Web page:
Sometimes doing lighthouse research leads to rather miraculous experiences. A couple of years ago, my friend Dave and I were taking a road trip up the Washington Coast. I had been to Cape Disappointment Park in Ilwaco before but had never actually been to the lighthouse due to the long steep hike up the service road and the fact that it is still an active Coast Guard station with access to the tower restricted to personnel only.
Dave and I were en route to North Head Lighthouse, which was only a short drive away, and decided to take the scenic park drive past Cape D because there was a great overlook along the way that I remembered had sweeping views. It was an uncharacteristically gorgeous day with no rainclouds in sight, so I thought we might be able to take some great photos from that vantage point.
We pulled into the turnoff parking area and were getting out of the car to head to the overlook when a pickup truck pulled in beside us. The truck had Alaska license plates, which immediately interested Dave, as it wasn’t a very common thing to see. Dave had spent some time working in Alaska and was curious where the driver had come from. A man in street clothes was opening the door when Dave approached him and the two started to have a conversation while I was digging the camera out of the car.
After some chit-chat about Alaska, the man introduced himself as MKCS Travis Judd who was assigned at Station Cape Disappointment as the Engineer Petty Officer. My little lighthouse antenna popped up at that point and I joined in the conversation which then turned to the history of the Cape Disappointment Light.
As we were discussing the many historic photos with the Civil War cannons surrounding the tower, MKCS Judd asked how I knew so much about the history. I happily told him all about Lighthouse Digest and our focus on preserving lighthouse history. He next asked if I had ever been in the tower, and when I responded no, he offered to drive me and Dave in his truck through the gates right up to the lighthouse and give us access!
We, of course, jumped at the chance and off we went, blithely bypassing all security checkpoints and driving up the steep service road until we finally parked right next to the tower. There were crewmen there servicing the optic, and after being introduced and given a warning not to touch any of the peeling lead paint, we were able to climb up the stairs and old ladders into the lantern room.
What greeted us was a rather rare sight. When the lighthouse was originally built in 1856, it housed a first order Fresnel lens, which was deemed by the Lighthouse Board in 1889 to be “inadequate for the purposes of commerce and navigation. It is believed that if North Head is marked by a first order light, and the proposed lightstations at Gray’s Harbor and Destruction Island are completed, that the Pacific coast will be well supplied with lights of the first order from Cape Flattery to Tillamook Rock.” The Cape Disappointment first order lens was subsequently moved to North Head Lighthouse upon construction, and in 1896, a much smaller 4th order Barbier and Bernard Fresnel lens took its place at Cape D.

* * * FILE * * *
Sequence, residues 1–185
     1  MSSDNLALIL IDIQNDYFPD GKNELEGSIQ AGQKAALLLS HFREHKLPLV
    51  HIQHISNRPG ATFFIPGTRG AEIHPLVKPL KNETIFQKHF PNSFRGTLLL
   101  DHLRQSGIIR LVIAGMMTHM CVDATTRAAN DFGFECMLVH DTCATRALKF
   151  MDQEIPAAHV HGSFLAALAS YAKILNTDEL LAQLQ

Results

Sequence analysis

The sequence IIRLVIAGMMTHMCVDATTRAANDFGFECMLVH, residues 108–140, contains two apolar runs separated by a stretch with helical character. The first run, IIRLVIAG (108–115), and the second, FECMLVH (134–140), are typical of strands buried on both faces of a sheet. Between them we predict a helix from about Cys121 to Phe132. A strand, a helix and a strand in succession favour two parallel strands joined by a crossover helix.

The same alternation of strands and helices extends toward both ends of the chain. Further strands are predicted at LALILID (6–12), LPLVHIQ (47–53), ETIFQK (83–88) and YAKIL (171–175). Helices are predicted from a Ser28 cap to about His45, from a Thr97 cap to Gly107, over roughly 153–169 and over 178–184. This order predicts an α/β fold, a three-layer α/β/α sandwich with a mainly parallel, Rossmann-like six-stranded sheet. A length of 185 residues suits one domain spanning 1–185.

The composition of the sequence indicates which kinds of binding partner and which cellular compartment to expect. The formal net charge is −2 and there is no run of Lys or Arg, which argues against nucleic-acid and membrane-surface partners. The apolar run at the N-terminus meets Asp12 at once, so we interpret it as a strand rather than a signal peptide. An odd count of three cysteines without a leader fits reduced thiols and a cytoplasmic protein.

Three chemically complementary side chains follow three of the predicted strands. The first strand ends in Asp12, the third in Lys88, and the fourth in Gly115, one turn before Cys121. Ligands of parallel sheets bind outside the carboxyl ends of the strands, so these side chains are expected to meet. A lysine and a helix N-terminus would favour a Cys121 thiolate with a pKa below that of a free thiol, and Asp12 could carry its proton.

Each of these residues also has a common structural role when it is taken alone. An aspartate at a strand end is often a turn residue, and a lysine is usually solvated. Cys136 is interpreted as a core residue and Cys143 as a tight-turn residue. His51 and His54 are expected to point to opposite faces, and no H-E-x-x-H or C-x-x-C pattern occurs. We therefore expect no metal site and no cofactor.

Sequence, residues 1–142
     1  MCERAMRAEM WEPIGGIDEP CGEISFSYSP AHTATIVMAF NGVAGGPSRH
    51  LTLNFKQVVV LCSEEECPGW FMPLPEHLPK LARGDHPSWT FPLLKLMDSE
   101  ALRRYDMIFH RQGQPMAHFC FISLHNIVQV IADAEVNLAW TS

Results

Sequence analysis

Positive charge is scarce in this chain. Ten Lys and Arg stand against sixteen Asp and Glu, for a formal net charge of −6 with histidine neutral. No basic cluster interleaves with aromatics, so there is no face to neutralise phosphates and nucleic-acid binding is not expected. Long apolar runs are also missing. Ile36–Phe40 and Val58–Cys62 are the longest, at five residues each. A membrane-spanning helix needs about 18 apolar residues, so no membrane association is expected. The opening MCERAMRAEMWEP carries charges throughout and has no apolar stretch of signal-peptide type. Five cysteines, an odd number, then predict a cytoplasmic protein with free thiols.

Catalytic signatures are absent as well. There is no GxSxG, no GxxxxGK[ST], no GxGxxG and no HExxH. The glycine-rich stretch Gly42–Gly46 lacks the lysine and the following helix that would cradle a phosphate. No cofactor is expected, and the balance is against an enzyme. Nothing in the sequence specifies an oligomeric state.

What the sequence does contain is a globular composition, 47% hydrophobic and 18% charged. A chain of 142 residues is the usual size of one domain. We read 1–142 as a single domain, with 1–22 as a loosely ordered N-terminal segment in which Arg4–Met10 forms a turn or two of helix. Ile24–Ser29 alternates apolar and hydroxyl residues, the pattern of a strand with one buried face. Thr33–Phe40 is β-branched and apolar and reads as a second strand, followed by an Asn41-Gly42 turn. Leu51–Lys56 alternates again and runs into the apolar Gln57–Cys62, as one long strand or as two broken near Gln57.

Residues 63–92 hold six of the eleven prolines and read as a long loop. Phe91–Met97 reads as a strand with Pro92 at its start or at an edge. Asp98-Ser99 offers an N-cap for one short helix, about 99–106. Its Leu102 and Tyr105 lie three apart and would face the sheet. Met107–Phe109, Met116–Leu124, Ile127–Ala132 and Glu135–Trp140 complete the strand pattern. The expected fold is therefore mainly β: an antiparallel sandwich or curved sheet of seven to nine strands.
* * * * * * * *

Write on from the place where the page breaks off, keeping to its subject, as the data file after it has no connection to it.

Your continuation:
Of course, when the lens was downsized, the large diameter lantern was not changed, so there was more than double the space to walk around the lens inside the lantern room. This meant that when a modern optic was installed, there was no need to remove the 4th order Fresnel lens, as there was plenty of space for both to be there.
So, when Dave and I reached the lantern room, we found the old Fresnel lens with a cover over it and the modern Vega optic operating in front of it. The crew removed the cover for us to take photos of both of them together. It was a very interesting contrast to see the 100-year difference in technology displayed side-by-side like that in an active lighthouse – a sight not often seen in other lighthouses across the country.
MKCS Judd next surprised us by saying that he wanted to introduce us to the base commander, Lt. Cmdr. Condit, who, when contacted, was very gracious in spending his time with us. In the course of the conversation in the commander’s office, Travis said, “You know, this whole thing is really incredible. I don’t ever go that long way around the park road usually, but I am off-duty today and wanted to come in to pay a bill, so thought since it was such a nice day, I’d take a drive around the loop. Just as I got to the overlook, a bumble bee flew in my window down near my seat and was buzzing around, so I pulled into the parking area next to you to let it out. It was a one-in-a-million chance that I’d be there exactly when you were and we’d meet like this.”
Lt. Cmdr. Condit then added that, out of the couple of hundred personnel stationed at the base, MKCS Judd was the one historian among them and knew more about the history of Cape Disappointment than anyone else there. He couldn’t believe that our meeting was all by chance either. The visit ended with MKCS Judd taking us downstairs to view some of the historic photos that they had of Cape Disappointment Lighthouse. These will no doubt be used for future stories about Cape Disappointment in Lighthouse Digest, thanks to the miracle of the bumble bee at Cape D!
This story appeared in the
Nov/Dec 2019 edition of Lighthouse Digest Magazine. The print edition contains more stories than our internet edition, and each story generally contains more photographs - often many more - in the print edition. For subscription information about the print edition, click here.
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